Chef Marc Vidal’s smoked paprika vinaigrette ( see the recipe) was inspired by one of the humblest ingredients: lentils.
“The idea was to cook the lentils like we always do, and then heat them as needed during service, adding a dressing to give smokiness and creaminess at the end, rather than through extensive cooking,” the chef at New York City’s Boqueria explains.
He settled upon his incredibly simple yet versatile secret weapon: smoked paprika vinaigrette. To dried pimentón de la Vera ( Spanish smoked paprika), Vidal adds sherry vinegar for acid, mustard for spice, shallots for sweetness and raw garlic for a bit of pungency. Blended together in a mild and fruity olive oil, the thin vinaigrette is balanced with a “little of each of the ingredients’ own flavor profiles represented in the sauce,” he says.
But its ease doesn’t stop there. Boqueria is primarily focused on Spanish ingredients, so Vidal uses Spanish Arbequina olive oil and smoked Spanish paprika, specifically. “To make it a Spanish recipe, you obviously have to use Spanish products,” he says. “But if you don’t have them, just mix them with other things.”
Because the smoky paprika really is the grounding flavor, any good Dijon mustard will do, he claims. Any sherry vinegar made with Palomino grapes-the most common kind you can find-works well. If you can’t get a fruity Arbequina oil, use any buttery one you like. None of these make too much of an impact on the overall flavor.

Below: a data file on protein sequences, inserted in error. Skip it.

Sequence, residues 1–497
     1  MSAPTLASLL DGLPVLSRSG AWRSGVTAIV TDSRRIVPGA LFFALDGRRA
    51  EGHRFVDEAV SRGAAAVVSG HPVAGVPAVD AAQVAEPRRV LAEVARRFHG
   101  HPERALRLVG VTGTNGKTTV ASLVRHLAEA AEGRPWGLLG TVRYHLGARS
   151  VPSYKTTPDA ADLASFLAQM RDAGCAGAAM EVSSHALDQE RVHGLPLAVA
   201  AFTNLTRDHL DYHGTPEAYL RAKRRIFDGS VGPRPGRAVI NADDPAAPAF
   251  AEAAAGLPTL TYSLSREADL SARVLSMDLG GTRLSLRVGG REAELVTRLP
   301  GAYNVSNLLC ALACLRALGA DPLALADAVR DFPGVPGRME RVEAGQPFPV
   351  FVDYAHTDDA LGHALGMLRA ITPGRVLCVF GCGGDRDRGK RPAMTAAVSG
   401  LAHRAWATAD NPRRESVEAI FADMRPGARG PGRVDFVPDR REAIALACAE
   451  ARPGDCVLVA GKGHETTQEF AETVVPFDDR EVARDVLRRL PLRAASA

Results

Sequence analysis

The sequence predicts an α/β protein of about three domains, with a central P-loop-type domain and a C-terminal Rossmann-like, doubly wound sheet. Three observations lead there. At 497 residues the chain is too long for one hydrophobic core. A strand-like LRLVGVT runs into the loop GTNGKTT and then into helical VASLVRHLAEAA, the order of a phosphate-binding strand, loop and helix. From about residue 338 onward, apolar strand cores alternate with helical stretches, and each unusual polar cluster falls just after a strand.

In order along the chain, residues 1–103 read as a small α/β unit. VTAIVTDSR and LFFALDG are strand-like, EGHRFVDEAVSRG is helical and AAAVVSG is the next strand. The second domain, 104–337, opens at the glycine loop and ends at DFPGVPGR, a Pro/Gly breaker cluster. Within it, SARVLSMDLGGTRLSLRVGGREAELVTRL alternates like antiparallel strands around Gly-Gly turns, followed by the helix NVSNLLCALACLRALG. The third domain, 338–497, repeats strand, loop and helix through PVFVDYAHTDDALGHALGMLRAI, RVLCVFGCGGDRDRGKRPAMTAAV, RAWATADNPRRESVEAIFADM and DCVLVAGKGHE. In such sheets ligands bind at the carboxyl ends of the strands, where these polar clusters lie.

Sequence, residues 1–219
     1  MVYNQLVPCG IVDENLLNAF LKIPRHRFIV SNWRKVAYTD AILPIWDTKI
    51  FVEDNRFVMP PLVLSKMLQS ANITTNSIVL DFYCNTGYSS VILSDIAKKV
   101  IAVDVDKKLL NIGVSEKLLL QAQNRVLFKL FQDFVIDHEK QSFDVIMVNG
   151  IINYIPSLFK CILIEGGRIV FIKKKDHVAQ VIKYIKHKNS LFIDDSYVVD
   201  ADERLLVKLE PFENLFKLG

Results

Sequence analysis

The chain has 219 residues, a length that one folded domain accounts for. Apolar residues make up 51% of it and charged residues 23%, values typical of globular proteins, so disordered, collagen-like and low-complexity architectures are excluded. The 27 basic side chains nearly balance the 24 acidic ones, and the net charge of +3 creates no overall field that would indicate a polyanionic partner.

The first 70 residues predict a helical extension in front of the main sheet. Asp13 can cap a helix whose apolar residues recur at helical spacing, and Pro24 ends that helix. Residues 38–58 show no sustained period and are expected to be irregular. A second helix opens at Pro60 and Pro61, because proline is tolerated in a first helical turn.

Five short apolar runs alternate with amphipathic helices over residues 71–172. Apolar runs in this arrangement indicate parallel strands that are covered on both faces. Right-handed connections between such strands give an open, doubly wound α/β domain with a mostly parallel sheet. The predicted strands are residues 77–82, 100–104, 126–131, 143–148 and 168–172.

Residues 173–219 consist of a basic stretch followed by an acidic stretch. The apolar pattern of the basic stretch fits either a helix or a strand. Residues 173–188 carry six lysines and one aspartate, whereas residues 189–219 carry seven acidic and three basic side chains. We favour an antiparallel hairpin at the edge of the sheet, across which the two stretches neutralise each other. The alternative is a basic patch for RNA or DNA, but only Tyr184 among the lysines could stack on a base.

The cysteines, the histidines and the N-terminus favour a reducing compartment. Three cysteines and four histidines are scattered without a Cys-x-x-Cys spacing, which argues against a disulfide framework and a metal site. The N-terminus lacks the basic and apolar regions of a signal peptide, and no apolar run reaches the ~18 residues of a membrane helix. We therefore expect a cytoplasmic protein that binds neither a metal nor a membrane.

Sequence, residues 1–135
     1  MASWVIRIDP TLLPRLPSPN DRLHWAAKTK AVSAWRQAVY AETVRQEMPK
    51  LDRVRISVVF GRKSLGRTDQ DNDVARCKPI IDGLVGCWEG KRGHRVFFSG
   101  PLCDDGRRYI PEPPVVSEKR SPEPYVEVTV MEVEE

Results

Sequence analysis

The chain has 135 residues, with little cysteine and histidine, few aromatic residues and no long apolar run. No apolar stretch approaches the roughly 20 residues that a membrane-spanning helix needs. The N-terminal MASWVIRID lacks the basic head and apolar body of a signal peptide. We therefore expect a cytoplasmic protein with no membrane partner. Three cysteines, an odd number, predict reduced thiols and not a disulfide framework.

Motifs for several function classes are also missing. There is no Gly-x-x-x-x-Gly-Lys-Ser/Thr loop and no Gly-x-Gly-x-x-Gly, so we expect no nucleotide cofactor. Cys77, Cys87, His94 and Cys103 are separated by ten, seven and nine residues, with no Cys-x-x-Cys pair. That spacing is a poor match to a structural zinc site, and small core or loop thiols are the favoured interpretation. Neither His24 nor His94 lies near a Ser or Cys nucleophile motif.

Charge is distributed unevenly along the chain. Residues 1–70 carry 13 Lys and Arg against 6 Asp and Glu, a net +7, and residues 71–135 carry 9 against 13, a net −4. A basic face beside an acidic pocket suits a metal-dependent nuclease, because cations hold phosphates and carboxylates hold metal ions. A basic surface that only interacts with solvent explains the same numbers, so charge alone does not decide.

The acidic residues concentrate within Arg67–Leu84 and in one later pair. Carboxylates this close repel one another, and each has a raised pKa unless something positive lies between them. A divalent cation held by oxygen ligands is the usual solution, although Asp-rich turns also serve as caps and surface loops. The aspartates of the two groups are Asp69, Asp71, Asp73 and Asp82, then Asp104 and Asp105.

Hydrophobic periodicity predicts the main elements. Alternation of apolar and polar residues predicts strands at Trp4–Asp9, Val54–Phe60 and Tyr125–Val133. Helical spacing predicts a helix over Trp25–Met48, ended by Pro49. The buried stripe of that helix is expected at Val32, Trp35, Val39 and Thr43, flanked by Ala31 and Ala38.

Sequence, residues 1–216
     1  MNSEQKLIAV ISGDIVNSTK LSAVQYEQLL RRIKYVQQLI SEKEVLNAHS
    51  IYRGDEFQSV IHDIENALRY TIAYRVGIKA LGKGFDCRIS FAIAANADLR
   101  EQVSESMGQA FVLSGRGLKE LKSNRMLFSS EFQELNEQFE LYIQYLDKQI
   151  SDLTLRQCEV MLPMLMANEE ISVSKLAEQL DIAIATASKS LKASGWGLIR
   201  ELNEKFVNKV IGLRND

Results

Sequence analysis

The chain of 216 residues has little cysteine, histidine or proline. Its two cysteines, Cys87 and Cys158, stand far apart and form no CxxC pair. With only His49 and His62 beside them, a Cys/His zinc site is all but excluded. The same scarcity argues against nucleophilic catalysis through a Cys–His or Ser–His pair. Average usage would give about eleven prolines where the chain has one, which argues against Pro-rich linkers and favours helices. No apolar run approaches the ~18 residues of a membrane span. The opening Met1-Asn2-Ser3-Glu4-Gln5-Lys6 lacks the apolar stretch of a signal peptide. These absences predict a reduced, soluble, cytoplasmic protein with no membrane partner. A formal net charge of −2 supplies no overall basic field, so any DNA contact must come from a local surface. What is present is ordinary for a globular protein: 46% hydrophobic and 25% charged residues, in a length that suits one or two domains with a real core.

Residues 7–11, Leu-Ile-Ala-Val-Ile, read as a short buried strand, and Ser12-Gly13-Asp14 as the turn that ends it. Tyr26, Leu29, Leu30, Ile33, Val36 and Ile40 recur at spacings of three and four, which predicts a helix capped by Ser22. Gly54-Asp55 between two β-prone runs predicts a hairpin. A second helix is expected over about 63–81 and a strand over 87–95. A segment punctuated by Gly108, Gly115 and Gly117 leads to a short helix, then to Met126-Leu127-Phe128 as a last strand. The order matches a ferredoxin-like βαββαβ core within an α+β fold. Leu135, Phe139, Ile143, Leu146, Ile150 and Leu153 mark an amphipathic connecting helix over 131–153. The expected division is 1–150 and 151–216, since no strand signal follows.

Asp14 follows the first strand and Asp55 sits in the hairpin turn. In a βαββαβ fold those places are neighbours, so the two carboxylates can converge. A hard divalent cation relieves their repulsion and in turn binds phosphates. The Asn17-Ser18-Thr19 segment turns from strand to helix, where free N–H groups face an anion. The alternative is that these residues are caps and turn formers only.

Because of the simplicity of the ingredients, Vidal then uses the vinaigrette all over his kitchen. Here are a few of his favorite ways to bring some smoke into yours.
Folded into Cooked Lentils or Beans: With beans, the vinaigrette adds depth, smoke and braised-for-hours (even though they weren’t) flavors. Once your lentils or beans are completely cooked, remove them from the heat and fold in a few tablespoons of the vinaigrette to gently coat. Make sure to take them off the heat first, Vidal warns, since the oil in the sauce will break if presented with a flame.
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On Spicy Egg Dishes: Fold a few tablespoons in with your scrambled eggs or drizzle over a finished dish of fried eggs, spicy chorizo and crisp potatoes with a sprinkling of fresh cilantro for a balanced breakfast of creamy-smoky-spicy-fatty-fresh.
Saucing Grilled Steak, Vegetables or Squid: The vinaigrette is far too strong for a green salad, Vidal warns. Instead, drizzle it on hearty grilled veg like Brussels sprouts or mushrooms, or on marbled grilled steaks. And since grilled squid tentacles get nicely charred and blackened rather easily, finish them off with a toss in the sauce to add some smoke to the sweet meat.
Marinating Pork Shoulder: Because the vinaigrette is already pretty thin, it makes a stellar marinade as is for large cuts of meat like pork shoulder, or pork or lamb leg. Marinate the meat for several hours, then roast or grill it to really bring out the smoky flavors.
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